Why our Madagascar Raffia Hats are Different

We make hats exclusively for our brands in a distinctive way. There are five main ways That Way Hat’s Madagascar raffia hats are different from others on the market:

1. The hats have extra folds in the brim. We use lots of extra raffia material to make a distinctive “ruffled” or wave-like look on the brim of the hats. These folds make the hat look more beautiful. And it will also keep its shape better because of the extra folds.

Theirs and Ours. We Add Extra Folds for a Nicer Look and More Stability.

2. The hats are water resistant. While we haven’t tested competitor’s hats, we have tested ours. They hold up very well after being submerged in pool water. They do not run and they keep their shape once they dry. See video: on youtube.

3. The hats have an adjustable sweatband. The sweatband inside the hat has a tie, so that it can be pulled tight if the hat is loose on your head.

4. The hats are available in different head sizes. We offer head size choices, while most other companies offer just one size. We may not spell it out in each listing, but once you order, we always contact you to check your head size. Then we send you a hat that will fit properly. We have extremely small and extremely large sizes, as well as everything in-between. Head size fit will be a factor in why you love your hat.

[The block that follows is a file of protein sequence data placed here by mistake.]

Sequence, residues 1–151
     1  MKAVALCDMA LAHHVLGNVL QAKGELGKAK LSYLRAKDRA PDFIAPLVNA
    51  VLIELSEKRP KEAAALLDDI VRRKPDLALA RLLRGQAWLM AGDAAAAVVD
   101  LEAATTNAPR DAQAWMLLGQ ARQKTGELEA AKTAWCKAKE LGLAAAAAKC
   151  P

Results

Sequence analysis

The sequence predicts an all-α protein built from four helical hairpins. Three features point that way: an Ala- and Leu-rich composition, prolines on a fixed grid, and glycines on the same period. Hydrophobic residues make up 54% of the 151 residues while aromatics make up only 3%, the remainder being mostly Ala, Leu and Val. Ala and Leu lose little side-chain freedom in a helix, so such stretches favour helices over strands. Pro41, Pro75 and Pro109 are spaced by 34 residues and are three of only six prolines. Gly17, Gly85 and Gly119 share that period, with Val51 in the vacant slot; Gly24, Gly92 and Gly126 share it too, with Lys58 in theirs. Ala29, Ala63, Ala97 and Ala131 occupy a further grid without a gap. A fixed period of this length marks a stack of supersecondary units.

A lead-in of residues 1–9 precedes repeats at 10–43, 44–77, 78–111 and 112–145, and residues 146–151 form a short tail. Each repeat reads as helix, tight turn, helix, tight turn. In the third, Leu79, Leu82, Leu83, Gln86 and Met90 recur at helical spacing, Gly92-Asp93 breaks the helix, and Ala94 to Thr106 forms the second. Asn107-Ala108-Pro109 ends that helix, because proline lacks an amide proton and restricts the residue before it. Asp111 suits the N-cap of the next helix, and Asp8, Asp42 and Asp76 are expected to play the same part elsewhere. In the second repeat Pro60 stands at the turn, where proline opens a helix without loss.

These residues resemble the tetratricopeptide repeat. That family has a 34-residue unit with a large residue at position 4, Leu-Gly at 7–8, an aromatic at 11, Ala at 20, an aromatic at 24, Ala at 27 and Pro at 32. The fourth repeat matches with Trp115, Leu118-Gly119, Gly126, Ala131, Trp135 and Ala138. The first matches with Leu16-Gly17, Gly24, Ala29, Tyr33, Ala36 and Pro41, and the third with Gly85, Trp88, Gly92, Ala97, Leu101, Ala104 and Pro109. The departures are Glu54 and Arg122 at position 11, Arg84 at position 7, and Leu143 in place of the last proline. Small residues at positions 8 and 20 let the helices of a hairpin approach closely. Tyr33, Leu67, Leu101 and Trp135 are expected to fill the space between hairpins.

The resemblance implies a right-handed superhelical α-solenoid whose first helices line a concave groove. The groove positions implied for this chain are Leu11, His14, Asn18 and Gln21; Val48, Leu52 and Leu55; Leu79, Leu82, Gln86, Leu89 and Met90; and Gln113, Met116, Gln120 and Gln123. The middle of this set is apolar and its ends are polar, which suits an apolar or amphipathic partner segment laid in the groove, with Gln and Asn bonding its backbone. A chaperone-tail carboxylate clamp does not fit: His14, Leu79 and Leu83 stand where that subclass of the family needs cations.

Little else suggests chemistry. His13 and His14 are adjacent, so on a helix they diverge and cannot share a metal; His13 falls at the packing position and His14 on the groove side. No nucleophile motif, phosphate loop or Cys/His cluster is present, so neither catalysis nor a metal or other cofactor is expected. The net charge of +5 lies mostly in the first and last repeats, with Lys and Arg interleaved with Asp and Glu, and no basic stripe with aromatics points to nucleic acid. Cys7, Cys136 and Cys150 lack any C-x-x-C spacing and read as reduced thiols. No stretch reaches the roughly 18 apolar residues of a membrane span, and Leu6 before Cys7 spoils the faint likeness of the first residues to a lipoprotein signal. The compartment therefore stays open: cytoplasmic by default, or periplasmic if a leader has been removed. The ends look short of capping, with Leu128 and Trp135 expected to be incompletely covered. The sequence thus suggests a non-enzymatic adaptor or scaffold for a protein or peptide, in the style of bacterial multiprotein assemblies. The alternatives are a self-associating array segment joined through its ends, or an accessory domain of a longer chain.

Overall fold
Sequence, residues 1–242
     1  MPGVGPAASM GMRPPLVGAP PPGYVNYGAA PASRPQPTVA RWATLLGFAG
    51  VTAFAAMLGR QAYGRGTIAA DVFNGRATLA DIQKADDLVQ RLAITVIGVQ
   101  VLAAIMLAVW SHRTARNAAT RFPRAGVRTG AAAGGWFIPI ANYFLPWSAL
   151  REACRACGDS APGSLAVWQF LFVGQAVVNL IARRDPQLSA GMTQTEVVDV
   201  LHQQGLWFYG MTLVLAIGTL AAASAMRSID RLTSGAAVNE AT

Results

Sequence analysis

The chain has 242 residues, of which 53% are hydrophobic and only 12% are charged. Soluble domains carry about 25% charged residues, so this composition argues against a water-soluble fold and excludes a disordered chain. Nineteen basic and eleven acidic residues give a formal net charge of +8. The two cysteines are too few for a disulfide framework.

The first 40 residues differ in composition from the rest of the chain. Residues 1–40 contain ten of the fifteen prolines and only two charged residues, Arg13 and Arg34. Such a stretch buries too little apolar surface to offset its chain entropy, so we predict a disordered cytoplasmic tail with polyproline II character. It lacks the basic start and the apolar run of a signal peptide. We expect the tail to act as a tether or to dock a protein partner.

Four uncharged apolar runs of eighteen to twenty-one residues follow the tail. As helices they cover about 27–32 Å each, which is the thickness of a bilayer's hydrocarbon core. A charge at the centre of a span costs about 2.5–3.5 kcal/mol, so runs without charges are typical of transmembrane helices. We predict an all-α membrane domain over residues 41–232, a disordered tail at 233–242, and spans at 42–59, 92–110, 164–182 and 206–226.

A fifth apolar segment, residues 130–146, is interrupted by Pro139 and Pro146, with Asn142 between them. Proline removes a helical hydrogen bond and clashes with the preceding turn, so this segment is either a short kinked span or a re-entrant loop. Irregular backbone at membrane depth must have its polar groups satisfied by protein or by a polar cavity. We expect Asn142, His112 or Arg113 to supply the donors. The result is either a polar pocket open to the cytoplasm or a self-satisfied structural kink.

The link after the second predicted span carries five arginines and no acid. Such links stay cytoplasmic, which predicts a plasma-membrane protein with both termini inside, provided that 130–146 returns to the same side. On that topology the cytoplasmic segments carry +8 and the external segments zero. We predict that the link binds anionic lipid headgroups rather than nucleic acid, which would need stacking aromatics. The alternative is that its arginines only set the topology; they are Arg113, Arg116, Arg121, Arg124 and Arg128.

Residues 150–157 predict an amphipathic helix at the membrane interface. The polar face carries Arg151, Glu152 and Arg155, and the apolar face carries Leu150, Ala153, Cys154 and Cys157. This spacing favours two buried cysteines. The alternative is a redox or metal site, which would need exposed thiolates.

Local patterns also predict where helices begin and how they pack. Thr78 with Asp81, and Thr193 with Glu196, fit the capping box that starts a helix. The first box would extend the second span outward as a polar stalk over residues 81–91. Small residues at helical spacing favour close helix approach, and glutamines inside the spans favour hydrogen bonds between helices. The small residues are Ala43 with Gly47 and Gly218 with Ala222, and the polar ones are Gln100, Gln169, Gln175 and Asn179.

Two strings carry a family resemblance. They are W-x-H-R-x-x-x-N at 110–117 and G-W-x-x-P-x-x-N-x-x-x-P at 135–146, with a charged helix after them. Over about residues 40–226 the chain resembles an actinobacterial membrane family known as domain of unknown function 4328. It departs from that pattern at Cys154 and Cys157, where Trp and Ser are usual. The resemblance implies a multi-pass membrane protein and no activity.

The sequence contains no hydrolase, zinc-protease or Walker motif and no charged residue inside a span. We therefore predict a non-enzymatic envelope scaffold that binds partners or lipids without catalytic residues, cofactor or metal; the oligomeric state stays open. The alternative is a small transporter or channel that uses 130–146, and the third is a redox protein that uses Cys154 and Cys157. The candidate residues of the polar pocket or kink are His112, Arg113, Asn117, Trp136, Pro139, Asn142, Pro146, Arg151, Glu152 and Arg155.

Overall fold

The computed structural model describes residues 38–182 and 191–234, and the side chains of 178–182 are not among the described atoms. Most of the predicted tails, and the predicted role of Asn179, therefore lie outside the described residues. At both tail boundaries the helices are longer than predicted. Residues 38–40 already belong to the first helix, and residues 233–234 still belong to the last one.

5. A hidden pocket is in the crown of each hat. Have you ever gone to the beach and worry your driver’s license or cash might get stolen as you take a walk in your bikini along the shore? Now you don’t have to hide your valuables under your towel. You could just slip them into the hidden pocket of your hat!

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Buy Hats Wholesale — Why We Sell Wholesale

Over half of our hat business is wholesale hats: stores, boutiques, hat makers, and even some vendors buy our hats. We like our wholesale customers and try to give them exactly what they need at a good price.

Our Madagascar Hats at Wholesale Trade Show - Trendz
Our Madagascar Hats at Wholesale Trade Show

One of the benefits of selling wholesale is that we get feedback from many of our buyers. They get feedback from their retail customers , and they pass it on to us. We learn what hat colors are wanted, how people like our hidden pockets, how the sweatbands are working. We hear about any problems they come across with the stitching. The stores managers also provide their own insights, ideas and suggestions. Many of them are very savvy about what styles work, the market, and the trends.

Recently we have been expanding our wholesale efforts by attending trade shows. We have learned that the selling custom at apparel tradeshows, much more than at gift shop tradeshows, is for exhibitors to set up appointments in advance with potential and existing customers.

That Way Hat decided to focus on our hats from Madagascar for our trade shows. While we still wholesale a variety of felt hats and straw cowboy hats and other hats, the Madagascar lines is where we put our main efforts.

Craft Show Vendor Selling Hats from Madagascar